Coming back to DC after a few years, I was able to engage with the city and community in ways that I had not in prior years. Staying at an Airbnb in Alexandria (just an Uber drive away from the rest of the class) provided an interesting dynamic and allowed me to see more of the city from a new lens. As I had spent the last trip (an architecture field trip) focusing on the built environment, it was completely different to spend this trip looking at materials, details, and the landscape. It felt like we were operating at a more human scale as we rode the metro and went to places like the Navy Yard, where details were plentiful. 

Because this trip was so well-planned, we were treated to a plethora of firms and experiences that helped us to gauge the very different ideologies of LA firms. Of the firms we visited, each had its strengths and setbacks.  LandDesign seemed like a decent firm to work for, but I felt like they were a bit too reliant on 3D imaging. I felt like  GGN has a firm grasp on using multiple styles to translate ideas, especially when it came to modeling.  MVLA was impressive in their attention to detail and their hand-renderings. I really enjoyed their presentation on the
Disabled Veterans Memorial and felt the attention to detail and scale of their projects was monumental.

Of all of the firms, HOK actually stood out to me as a firm I would feel comfortable working for. I was impressed by their scale, the variety of projects they worked on, and the resources (such as the materials library) they had at their disposal. I really appreciate the idea of interdisciplinary firms that can give clients a one-stop shop (so to speak) for their needs. The building itself was unique and had been renovated in a very articulate way. I was a bit put off by the mostly female staff at first (and the architects being hidden in the basement), but the amount of experimentation and different modes of expression is certainly appealing.  Being someone who enjoys to travel, the international element of their business seemed very intriguing and I could see many benefits in working for a firm with multiple offices around the world.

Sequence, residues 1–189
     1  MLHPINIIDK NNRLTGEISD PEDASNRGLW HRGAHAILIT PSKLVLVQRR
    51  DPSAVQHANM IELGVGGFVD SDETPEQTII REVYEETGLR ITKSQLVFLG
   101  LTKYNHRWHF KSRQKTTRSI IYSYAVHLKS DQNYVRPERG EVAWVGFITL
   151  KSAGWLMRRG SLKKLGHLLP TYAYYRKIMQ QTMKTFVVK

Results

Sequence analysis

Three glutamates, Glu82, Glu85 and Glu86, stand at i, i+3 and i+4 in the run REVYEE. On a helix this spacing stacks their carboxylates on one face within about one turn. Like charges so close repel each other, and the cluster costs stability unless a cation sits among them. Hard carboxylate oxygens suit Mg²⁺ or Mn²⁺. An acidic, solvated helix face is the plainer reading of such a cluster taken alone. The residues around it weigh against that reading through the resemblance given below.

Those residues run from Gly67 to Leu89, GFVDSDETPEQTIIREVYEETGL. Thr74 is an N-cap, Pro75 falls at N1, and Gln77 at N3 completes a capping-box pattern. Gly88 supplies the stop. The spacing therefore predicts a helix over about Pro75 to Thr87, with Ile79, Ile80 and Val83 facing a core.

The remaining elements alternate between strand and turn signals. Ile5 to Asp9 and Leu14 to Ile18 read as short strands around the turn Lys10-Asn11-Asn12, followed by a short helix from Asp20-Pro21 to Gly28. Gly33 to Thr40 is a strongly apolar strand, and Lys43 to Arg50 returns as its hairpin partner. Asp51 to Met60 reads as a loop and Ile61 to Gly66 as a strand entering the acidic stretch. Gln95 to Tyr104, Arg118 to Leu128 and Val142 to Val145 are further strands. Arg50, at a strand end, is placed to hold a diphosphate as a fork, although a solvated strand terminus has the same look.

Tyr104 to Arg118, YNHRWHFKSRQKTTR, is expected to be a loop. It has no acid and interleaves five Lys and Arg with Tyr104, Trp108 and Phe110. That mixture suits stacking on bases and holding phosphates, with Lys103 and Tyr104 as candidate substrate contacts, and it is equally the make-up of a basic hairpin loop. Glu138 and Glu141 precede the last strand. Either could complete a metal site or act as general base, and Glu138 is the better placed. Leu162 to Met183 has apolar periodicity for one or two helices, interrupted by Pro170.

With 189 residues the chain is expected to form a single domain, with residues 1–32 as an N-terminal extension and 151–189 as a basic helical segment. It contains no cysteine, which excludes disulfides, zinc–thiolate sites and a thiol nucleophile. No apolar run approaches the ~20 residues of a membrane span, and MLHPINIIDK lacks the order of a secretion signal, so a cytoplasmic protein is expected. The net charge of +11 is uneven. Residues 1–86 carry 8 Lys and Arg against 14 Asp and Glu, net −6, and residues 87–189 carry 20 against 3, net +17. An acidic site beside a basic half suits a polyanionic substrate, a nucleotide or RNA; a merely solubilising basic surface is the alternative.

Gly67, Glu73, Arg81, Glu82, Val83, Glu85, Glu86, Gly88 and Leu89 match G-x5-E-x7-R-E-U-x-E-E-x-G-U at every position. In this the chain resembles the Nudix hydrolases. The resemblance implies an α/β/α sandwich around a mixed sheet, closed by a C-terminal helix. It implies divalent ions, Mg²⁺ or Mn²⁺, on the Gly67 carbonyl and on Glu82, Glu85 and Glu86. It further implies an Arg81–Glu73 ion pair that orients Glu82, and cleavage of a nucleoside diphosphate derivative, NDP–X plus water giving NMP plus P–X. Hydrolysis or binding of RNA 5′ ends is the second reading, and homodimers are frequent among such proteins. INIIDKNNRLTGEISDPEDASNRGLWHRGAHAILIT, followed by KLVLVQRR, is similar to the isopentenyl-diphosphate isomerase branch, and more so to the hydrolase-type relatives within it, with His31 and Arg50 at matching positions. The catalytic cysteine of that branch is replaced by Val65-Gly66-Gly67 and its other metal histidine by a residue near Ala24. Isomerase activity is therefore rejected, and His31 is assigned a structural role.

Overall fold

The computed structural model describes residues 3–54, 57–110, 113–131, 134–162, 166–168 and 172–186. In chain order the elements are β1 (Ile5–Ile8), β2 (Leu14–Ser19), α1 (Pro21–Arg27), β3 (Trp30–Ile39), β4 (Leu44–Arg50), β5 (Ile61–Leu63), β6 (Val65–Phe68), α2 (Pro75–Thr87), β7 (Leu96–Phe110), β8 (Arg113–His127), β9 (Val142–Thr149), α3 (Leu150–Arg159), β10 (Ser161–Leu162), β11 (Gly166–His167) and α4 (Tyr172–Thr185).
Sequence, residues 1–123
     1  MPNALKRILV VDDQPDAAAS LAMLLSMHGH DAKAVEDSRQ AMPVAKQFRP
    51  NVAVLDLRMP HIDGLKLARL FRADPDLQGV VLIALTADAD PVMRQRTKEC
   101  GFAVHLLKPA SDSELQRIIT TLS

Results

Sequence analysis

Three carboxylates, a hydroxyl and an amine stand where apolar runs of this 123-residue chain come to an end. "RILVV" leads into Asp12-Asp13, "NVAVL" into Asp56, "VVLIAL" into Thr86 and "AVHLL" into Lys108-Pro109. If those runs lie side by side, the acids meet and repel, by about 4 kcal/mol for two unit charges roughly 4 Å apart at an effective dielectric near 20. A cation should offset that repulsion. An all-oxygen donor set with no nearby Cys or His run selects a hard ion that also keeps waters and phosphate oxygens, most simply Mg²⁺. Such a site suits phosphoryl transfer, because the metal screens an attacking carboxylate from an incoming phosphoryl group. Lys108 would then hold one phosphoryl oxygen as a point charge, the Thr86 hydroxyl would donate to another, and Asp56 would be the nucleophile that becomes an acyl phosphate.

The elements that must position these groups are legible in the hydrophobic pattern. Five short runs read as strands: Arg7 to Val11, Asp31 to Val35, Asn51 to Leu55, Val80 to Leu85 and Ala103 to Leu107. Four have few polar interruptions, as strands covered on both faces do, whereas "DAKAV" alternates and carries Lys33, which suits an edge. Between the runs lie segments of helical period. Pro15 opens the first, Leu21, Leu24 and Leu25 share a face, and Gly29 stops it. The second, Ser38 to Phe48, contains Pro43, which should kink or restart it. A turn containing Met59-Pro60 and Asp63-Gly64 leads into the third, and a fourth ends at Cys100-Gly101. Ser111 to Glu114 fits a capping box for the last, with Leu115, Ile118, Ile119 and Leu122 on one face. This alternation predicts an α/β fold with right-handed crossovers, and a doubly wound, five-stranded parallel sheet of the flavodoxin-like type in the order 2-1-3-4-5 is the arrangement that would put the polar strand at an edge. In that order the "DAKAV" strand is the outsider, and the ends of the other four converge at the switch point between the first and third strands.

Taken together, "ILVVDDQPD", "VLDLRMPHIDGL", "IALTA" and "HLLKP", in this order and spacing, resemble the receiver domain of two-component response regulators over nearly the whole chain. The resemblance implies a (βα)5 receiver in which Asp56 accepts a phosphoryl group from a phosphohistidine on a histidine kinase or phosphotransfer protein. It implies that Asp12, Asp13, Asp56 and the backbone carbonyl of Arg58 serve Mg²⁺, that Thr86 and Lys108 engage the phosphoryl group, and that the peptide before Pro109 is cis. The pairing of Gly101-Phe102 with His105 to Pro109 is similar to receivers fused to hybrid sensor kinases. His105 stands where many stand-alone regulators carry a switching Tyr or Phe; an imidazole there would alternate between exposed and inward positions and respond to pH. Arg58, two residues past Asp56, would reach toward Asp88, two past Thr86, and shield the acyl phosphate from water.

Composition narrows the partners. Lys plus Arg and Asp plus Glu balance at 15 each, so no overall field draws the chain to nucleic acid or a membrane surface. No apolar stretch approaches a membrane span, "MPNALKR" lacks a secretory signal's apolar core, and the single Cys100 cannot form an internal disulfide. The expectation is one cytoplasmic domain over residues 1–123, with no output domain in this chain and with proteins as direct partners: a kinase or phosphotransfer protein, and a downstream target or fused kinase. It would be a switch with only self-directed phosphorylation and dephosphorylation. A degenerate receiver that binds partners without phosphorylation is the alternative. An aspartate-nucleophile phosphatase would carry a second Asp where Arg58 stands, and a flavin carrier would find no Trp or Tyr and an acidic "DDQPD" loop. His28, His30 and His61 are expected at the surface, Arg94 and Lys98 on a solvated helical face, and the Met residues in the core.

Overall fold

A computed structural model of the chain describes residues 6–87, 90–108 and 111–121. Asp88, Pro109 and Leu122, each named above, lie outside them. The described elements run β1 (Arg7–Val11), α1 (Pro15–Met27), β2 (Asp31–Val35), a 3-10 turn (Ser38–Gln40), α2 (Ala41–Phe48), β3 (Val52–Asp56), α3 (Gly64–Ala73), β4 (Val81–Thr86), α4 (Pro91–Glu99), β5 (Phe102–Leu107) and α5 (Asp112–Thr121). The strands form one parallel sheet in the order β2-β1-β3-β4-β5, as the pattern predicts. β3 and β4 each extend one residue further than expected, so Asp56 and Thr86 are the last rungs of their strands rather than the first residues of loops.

There were many highlights from the trip. I enjoyed exploring Georgetown and Alexandria. I had never been on U-Street or visited Chinatown so these were very exciting experiences in terms of texture. The city has a lavish amount of texture and color that seems to be underrepresented in media. The people were also incredibly friendly. It seemed like everywhere we went people were buying us drinks and filling us in on great things in the city. It was refreshing to be in a city that size and meet so many wonderful people. It made us feel very at home and there was a spirit of exploration that I hadn’t felt in previous visits. 

One of my favorite moments was when Julie Beckman spoke about designing the Pentagon Memorial (with Keith Kaseman.) Despite it being freezing cold that day, I was enamored with her descriptions of their process and the many opportunities and challenges they faced in designing such a prominent memorial. Watching visitors interact with the space was particularly interesting. I think it is a beautiful and meaningful project and the mood it created was both refined and proper.

Visiting ASLA was also a very unique experience. I have seen photos of their green roof in magazines before and found it particularly impressive. It was great to learn about the process in renovating the space and how challenging the climate was in reference to planting and maintaining the green roof. As a person with a background in media, it was also wonderful to hear about how the magazine began and details about their process. I found their aesthetic very interesting and look forward to seeing how the magazine and ASLA transform in the coming years.